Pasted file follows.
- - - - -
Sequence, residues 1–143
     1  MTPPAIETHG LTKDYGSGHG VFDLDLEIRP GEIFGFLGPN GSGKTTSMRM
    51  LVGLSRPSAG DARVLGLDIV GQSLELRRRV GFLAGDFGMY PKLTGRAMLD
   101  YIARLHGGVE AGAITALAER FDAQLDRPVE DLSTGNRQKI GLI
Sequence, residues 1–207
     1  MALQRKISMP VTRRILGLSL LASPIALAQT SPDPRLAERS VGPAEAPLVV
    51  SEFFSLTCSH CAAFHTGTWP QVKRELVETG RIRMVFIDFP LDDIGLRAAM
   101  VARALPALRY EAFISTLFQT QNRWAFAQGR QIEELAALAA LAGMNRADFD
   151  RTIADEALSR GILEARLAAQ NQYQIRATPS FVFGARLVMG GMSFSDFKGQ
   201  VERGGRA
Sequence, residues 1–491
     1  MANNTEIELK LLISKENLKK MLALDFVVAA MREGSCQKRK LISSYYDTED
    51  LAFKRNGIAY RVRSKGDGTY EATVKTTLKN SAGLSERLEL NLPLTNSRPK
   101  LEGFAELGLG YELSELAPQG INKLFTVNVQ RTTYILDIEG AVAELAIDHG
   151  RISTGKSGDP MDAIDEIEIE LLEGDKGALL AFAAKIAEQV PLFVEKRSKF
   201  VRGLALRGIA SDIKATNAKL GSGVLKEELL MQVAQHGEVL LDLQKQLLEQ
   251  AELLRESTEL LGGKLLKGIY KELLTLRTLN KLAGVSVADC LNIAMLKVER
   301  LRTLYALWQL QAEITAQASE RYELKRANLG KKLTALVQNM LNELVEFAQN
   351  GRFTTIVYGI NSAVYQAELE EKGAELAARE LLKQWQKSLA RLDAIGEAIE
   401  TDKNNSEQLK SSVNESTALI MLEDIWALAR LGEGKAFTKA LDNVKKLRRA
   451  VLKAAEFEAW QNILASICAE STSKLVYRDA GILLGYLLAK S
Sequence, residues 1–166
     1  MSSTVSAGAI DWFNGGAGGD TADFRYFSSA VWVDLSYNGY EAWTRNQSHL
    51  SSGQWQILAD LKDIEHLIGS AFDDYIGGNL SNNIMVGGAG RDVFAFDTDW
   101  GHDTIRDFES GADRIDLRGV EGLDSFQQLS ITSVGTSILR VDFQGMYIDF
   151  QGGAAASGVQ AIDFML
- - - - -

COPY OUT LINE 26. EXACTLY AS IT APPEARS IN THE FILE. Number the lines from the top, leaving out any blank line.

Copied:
   151  QGGAAASGVQ AIDFML